Scott's party at the South Pole
Scott's party at the South Pole

Cardiff and Captain Scott

They were beaten to the Pole by the Norwegians, and died on the way back – and still Cardiff places the Scott memorial outside the Norwegian church.

Jonathan Williams’ Scott Memorial commemorates the centenary anniversary of the “Age of Antarctic Discovery”. Jonathan Williams is a Cardiff-based sculptor and artist, designed the 3-metre tall mosaic after being inspired by Barcelona’s modernist architect Gaudi. Gaudi made innovative use of ceramics in many of his works, and Jonathan’s Scott sculpture is also made up of hundreds of tiny pieces of ceramic tiles.

The snow-white abstract piece shows Scott man-hauling south towards the pole with the faces of his co-explorers ice-bound – Welshman Edgar Evan, who was in charge of sledging equipment, is the one in the sunglasses! There is a gap in the middle of the structure – the ice cave from expedition photos. Look through now to see a glimpse of the sea beyond the barrage, a view almost the same today as it was in Scott’s day. It rests on a compass between the Norwegian Church and the lock where the Terra Nova started its journey. The northern end of the piece shows the front point of the ship.

The icy-looking sculpture now sits outside the entrance to the Norwegian Church, a poignant reminder that Scott was beaten to the Pole by Norwegian, Roald Amundsen. The memorial was formally unveiled by her Royal Highness, the Princess Royal, on June 6th 2003.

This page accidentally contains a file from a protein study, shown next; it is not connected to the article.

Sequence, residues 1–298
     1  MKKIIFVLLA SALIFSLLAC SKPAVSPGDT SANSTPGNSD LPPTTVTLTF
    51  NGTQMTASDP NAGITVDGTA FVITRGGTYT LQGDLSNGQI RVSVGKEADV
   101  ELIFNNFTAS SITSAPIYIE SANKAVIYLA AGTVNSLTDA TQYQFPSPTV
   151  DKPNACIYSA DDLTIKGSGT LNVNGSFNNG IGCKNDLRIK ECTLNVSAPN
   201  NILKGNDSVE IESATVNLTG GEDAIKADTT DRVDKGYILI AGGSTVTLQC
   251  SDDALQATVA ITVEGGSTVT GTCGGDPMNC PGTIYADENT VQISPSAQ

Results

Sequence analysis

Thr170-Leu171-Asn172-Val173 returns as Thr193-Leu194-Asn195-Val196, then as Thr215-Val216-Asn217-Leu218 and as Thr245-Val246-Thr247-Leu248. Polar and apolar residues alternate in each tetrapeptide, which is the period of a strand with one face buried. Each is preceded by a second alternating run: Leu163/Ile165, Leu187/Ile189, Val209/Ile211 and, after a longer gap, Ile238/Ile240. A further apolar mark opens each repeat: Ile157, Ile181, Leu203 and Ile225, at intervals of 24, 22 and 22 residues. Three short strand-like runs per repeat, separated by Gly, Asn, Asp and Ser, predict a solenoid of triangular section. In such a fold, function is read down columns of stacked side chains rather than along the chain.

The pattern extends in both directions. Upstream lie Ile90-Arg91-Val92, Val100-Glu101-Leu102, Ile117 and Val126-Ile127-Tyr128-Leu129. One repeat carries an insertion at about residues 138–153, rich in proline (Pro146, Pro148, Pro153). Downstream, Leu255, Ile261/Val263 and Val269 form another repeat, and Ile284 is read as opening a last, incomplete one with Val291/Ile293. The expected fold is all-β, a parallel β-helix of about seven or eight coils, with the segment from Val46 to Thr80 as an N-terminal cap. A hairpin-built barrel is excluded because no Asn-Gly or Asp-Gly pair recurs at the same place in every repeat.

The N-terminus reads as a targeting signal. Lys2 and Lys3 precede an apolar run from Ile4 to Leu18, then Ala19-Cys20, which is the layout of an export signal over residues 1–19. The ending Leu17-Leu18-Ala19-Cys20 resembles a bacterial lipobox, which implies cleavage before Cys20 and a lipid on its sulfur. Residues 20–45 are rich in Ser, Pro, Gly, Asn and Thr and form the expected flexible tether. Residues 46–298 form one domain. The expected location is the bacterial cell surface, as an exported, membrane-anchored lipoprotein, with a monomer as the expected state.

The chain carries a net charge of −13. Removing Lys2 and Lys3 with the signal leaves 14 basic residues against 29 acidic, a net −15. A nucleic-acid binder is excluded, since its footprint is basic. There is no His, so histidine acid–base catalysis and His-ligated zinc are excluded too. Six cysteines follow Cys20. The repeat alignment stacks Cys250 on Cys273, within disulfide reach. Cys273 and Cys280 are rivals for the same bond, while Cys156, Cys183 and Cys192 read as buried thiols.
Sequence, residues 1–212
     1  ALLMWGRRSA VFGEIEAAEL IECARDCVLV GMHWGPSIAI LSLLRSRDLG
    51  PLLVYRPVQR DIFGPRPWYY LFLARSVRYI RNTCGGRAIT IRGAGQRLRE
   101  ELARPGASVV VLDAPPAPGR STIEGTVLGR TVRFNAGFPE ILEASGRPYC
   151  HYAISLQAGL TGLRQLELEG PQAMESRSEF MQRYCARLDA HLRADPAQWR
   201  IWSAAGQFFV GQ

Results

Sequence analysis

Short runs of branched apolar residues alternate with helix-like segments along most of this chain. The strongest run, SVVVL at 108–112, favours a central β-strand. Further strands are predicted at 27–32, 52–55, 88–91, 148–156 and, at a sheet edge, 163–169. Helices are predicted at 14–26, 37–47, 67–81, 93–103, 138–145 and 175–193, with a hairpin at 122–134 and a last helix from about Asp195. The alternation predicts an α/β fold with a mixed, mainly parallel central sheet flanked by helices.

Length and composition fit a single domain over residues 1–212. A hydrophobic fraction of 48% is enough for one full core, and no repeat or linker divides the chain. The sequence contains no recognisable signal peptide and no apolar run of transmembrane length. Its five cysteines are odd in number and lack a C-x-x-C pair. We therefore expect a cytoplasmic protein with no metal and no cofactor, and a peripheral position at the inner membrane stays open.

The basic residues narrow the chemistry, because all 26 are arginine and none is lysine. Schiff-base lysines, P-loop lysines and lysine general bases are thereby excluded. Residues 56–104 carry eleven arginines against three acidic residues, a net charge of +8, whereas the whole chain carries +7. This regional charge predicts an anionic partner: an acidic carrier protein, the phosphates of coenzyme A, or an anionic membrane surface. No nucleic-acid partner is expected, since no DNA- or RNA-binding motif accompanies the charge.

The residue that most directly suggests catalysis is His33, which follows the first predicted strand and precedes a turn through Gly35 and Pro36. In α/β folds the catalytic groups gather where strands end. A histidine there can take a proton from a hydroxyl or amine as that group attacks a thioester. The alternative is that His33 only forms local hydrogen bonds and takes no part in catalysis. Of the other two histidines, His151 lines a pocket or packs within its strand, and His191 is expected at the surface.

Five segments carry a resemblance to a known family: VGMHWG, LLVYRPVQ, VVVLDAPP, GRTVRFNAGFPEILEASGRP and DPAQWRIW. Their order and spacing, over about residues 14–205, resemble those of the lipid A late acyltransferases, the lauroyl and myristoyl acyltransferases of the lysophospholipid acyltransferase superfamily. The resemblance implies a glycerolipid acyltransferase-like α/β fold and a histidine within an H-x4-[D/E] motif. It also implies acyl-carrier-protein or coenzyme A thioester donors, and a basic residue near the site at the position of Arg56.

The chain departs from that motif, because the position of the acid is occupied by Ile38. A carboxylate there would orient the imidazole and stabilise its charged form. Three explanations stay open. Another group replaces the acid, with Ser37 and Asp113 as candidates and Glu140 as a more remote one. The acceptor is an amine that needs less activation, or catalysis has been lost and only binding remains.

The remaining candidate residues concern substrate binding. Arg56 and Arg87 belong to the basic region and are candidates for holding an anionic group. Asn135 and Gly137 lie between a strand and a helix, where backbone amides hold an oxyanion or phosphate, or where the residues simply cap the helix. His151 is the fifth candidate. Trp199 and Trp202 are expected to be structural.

The Terra Nova expedition ship moved from London to Cardiff before leaving for the Antarctic, to load provisions and coal for her journey south.  The sculpture is now lit up at night, as a landmark for sailors entering Cardiff Bay through the Cardiff Barrage locks.

Scott Memorial, Roath Park

On the 15th June 1910, Captain Robert Falcon Scott set sail from Cardiff in the S.S. Terra Nova, to conquer the South Pole. Before leaving Scott pledged – “I will reach the South Pole or I will never come back again.” The rest is history. In memory of the ill-fated expedition lead by Captain Scott and accompanied by his companions, Captain L.E.G. Oates, Lieutenant H.R. Bowers, Dr. E.A. Wilson and Petty Officer Edgar Evans, a clock tower in the form of a lighthouse was erected at the south end of Roath Park Lake. Surmounted by a model of Terra Nova, the tower was erected and presented to the city of Cardiff by F.C. Bowring, J.P. in 1915. The clock tower has since been one of Cardiff’s most familiar landmarks.